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2022 Is a Boom Year For Weddings

Rest assured, romantics: All the weddings canceled over the last couple of years have found a happy home, and that home is … 2022.

Roughly 2.5 million weddings are expected to happen this year, the most since 1984, according to the Wedding Report, a trade group that gathered its data through a survey of vendors and consumers.

And the events that are not 2020 or 2021 reschedules — the majority — are likely to be dominated by couples who got engaged during the pandemic.

“When people started quarantining, they started prioritizing their relationships more,” said Elizabeth Overstreet, a relationship and love coach in Raleigh, N.C. “They had a lot of time to think about, ‘Is this the person I want to be with?’ The way I would put it is, love has taken precedence in people’s lives. Wanting to partner up and possibly get married has been the crescendo.”

For context, the uptick in weddings this year is substantial but not mind-blowing. Around 2.1 million weddings happened each year between 2009 and 2019, according to the Centers for Disease Control and Prevention (with a relatively puny 1.3 million happening in 2020 and 1.93 million in 2021, according to the Wedding Report).

For those forging ahead, bottlenecks aplenty could await, especially because the pandemic has spurred challenge after challenge for the multibillion dollar wedding industry. Less clear are the elements that will shift the most, and how couples and guests can get a grip on them.

Shane McMurray, the Wedding Report’s founder, has a tip. “If you’re going to go through with a wedding in 2022, be patient,” he said. And financially flexible, too, because he anticipates that the average cost of a wedding in 2021, around $22,000, will rise to just under $25,000.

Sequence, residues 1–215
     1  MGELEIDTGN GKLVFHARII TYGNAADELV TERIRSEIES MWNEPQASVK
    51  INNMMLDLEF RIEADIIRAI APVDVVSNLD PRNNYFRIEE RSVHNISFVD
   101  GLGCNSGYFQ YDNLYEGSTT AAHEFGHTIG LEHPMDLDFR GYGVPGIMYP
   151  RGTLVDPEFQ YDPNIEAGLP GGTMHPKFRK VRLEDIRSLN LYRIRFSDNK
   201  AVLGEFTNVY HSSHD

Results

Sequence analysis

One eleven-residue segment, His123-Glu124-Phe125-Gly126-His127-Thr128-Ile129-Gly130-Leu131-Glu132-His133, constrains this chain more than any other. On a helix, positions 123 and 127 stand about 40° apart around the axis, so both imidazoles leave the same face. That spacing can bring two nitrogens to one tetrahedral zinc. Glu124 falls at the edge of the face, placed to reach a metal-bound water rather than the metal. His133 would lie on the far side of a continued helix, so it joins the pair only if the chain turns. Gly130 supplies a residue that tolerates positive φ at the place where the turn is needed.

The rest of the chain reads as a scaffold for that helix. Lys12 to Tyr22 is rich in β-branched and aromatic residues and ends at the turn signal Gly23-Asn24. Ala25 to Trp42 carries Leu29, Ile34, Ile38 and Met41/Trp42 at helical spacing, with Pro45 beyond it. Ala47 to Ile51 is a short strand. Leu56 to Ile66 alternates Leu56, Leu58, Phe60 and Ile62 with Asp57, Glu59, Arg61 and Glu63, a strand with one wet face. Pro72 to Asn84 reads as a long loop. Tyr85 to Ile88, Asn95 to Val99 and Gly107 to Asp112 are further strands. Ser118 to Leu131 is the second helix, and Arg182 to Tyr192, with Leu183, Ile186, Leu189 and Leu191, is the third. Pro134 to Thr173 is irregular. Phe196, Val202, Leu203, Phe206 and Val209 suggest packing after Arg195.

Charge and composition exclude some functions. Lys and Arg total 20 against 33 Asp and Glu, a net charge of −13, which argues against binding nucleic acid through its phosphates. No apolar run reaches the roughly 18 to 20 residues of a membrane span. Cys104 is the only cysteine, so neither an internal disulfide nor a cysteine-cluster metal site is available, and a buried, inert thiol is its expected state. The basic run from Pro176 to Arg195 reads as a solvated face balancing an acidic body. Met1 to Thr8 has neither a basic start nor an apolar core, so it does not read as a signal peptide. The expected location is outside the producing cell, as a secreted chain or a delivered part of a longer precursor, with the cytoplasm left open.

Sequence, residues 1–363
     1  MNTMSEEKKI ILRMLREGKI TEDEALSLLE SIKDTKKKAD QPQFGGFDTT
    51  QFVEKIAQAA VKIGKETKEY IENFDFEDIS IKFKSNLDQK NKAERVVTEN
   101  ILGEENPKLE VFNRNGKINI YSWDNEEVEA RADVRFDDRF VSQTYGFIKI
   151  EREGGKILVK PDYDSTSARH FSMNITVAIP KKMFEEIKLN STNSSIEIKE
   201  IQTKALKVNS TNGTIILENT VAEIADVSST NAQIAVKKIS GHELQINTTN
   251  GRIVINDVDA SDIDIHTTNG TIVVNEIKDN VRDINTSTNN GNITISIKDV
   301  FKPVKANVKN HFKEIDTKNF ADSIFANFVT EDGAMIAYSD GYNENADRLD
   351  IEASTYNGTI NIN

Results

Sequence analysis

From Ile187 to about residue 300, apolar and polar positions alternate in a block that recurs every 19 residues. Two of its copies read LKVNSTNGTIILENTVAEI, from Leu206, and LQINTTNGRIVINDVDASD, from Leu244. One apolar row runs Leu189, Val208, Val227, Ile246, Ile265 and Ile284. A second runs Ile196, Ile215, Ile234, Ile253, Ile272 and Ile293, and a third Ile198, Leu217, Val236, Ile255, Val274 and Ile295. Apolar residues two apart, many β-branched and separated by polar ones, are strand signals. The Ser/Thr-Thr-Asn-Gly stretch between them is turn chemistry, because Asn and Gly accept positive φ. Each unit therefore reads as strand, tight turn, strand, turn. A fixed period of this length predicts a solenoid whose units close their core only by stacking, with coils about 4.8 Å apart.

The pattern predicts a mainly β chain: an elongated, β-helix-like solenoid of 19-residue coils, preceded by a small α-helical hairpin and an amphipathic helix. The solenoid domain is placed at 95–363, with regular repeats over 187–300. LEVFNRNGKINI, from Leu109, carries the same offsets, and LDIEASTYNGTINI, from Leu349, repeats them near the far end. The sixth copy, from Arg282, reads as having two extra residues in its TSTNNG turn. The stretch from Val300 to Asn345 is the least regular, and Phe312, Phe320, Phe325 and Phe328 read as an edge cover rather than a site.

Tara Melvin, the founder of Perfect Planning Events in Washington, D.C., said the added expense this year can be blamed on inflation and continuing supply chain kinks. “Our vendor partners, especially floral designers, are having a hard time getting things from manufacturers,” she said. “Even paper for invitations is hard to come by.”

For those same reasons, wedding guests can also plan on increased expenses. In 2019, guests spent an average of $430 to attend a wedding, according to a study by WeddingWire, a site that tracks trends and operates an online marketplace for the industry. But in 2022, that number is likely trending up. Not just because of all the registry gifts and bridesmaid dresses or other attire people invited to multiple weddings may need to purchase, but also because as fuel costs rise, transportation has gotten more expensive, too.

The higher cash outlay for couples planning weddings is not necessarily an indication that 2022 celebrations will get bigger. Mr. McMurray said guest counts have been diminishing since the mid-2000s, and he expects 75- to 100-person weddings to continue to be most popular.

That doesn’t mean huge, extravagant weddings won’t happen. Maryam Mudrick and Justine Broughal, the owners of Greater Good Events in Jersey City, N.J., are seeing more couples who want nothing to do with the micro-wedding trend that sprouted in response to the pandemic.

“The reaction this year has been, ‘We’ve waited so long, we want to go big,’” Ms. Broughal said. “People who booked us in 2019 are moving to 2023 if they have to, because they want to keep their initial 200-plus guest count.”

Why 2023? Couples may not want to get married on a Tuesday. Because of all the weddings, weekdays may be all that’s available at popular locations this year. Leanne Bybee, the founder of Leanne Lane Weddings in San Jose, Calif., said she is helping couples negotiate whether to marry on weekdays or at unpopular hours like 9 p.m. “This is no ding against venues,” Ms. Bybee said, “but they’re so overrun, people are getting lost in the shuffle.”